ZZ: We were sent to the countryside long before filming began, living there for two months. I remember it clearly, every morning I would leave the small dormitory and walk for about 20 minutes to a rural household in a village. My job was to cook meals and clean up the house. Then I’d have to fetch water from a well (shouldering two buckets of water on both ends of a pole) some distance away from the house, fed the pigs, peel potatoes and so on. I did all this everyday for more than two months. The family sometimes joked they had hired a maid from the city.
Narrator: It was during her stint in a rural village in Hebei Province that Zhang Ziyi identified with the character’s down-to-earth personality and was able to portray her naturally on screen.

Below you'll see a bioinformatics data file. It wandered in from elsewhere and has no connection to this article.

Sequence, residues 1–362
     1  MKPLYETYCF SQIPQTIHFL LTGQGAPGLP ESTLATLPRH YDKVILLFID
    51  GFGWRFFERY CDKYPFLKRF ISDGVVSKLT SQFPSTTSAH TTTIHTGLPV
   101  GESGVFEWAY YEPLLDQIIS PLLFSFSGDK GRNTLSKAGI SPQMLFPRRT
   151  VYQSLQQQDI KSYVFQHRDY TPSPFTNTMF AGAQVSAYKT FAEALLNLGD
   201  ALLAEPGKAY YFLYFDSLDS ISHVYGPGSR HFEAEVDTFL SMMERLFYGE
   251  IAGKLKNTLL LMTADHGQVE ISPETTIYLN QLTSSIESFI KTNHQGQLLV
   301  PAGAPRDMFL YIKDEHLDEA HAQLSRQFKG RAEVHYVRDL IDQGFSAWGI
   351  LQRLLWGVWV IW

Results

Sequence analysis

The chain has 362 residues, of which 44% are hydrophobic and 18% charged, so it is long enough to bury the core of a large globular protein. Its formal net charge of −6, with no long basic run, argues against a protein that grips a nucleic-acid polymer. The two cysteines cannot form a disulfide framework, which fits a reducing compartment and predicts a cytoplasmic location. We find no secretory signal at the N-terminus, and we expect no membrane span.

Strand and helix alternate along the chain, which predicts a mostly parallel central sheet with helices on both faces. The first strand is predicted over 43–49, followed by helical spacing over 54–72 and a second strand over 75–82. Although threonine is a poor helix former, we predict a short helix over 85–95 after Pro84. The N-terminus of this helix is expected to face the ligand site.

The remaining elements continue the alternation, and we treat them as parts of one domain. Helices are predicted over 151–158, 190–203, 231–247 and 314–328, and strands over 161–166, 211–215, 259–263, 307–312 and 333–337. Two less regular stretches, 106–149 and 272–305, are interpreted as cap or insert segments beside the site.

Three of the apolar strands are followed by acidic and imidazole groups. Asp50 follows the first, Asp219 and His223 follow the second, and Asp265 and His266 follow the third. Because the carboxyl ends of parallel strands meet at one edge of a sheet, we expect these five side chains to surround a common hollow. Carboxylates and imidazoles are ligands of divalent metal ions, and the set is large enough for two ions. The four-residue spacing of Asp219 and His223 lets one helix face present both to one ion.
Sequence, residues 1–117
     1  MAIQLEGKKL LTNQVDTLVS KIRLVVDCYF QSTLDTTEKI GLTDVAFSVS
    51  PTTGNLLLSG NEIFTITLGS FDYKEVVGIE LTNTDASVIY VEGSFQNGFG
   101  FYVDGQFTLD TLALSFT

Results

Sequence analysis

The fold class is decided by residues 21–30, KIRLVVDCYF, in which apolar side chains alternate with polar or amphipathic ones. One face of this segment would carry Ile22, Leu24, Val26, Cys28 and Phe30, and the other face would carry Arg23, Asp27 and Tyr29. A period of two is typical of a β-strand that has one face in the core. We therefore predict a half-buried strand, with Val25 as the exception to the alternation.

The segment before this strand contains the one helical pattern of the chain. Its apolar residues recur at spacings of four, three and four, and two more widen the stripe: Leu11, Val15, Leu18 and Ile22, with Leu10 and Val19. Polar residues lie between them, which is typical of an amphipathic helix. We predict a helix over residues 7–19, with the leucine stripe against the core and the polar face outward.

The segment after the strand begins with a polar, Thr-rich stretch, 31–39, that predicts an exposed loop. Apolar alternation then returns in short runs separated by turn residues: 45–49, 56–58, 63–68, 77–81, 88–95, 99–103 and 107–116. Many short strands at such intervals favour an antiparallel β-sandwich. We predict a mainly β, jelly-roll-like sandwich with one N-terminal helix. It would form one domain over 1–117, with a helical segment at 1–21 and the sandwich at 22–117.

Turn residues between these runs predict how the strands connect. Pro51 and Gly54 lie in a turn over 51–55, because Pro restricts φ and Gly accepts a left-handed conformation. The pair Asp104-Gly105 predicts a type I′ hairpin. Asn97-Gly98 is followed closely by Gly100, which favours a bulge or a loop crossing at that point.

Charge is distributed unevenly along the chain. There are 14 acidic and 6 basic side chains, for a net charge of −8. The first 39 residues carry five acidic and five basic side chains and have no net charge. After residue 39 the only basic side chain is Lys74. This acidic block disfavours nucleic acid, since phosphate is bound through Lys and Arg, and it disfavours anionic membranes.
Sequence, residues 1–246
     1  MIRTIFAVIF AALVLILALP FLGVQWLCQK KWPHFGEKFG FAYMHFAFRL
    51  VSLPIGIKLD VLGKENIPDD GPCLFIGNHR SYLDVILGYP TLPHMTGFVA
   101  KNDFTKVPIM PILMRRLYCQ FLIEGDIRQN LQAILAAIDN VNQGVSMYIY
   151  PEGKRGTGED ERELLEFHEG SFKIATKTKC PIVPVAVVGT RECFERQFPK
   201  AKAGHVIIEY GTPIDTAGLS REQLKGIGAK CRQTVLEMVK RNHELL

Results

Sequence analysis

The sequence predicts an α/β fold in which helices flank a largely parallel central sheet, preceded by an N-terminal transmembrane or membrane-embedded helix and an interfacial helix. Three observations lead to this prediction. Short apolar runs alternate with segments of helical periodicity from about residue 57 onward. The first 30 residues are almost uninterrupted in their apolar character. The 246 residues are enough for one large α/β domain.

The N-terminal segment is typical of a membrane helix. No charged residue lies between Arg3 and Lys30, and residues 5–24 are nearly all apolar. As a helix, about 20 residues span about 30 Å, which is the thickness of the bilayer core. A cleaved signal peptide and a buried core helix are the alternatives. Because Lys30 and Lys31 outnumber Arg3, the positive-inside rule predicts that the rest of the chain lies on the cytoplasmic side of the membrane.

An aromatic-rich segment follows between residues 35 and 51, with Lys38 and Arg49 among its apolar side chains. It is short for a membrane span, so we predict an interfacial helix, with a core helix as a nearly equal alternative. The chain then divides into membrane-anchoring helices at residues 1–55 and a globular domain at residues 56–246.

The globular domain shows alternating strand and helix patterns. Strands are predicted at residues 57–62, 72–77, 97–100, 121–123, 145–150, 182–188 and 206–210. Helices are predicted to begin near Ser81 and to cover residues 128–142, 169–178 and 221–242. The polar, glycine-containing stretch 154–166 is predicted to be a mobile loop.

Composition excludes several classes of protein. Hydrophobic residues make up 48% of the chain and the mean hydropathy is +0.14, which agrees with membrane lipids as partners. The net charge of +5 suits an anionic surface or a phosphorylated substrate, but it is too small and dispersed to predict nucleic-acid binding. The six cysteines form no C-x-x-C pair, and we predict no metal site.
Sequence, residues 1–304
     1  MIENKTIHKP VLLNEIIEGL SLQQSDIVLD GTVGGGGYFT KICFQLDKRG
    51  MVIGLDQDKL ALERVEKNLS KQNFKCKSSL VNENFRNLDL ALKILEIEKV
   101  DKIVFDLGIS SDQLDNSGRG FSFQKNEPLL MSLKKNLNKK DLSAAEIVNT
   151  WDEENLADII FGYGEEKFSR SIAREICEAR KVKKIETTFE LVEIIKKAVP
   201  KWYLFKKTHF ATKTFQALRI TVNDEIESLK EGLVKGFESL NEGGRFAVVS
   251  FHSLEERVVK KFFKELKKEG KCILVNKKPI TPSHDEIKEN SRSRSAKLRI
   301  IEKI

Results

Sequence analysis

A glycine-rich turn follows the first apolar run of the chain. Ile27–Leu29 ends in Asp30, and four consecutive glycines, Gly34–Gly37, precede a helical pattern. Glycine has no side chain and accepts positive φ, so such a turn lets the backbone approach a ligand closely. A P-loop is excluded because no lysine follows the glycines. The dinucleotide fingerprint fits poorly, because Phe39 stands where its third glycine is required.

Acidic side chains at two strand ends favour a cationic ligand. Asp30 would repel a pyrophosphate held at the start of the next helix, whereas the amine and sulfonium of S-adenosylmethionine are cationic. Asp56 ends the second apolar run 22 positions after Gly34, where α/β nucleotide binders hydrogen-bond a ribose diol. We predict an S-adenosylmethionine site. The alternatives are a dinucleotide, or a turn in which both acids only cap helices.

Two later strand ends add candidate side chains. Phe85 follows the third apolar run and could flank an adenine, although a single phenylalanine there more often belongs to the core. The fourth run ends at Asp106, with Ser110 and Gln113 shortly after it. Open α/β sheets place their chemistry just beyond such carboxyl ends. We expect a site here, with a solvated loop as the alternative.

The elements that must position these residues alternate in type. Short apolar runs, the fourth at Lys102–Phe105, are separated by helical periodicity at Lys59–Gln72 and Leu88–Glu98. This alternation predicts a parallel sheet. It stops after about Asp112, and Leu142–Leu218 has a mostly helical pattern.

ZZ: I realized this kind of pre-production experience is especially necessary for making any movie. I just need that two months to let myself become the character. And I would try my best not to take part in activities that have nothing to do with the movie. That way I won’t be distracted. I need this kind of setting for myself to gather materials (for playing the role). I believe this is extremely necessary, because it is so easy to get distracted these days. You know, in this business, there is so much temptation around an actor that it is very hard to keep oneself grounded. But I think if you want to do it, if you really want to accomplish something as an artist, you just have to work the old-fashioned way, like I said just now. It will never fail you.
Narrator: The Road Home went on to win the Silver Bear at Berlin Film Festival, making Zhang Ziyi another celebrated “Mou girl” (after Gong Li) almost overnight.
Host: With The Road Home, from the ordinary audience’s point of view, your very first movie gave you more fame than anything else. People got to know you through that movie, a “Mou girl”. Personally, what do you think is the biggest gain from this experience?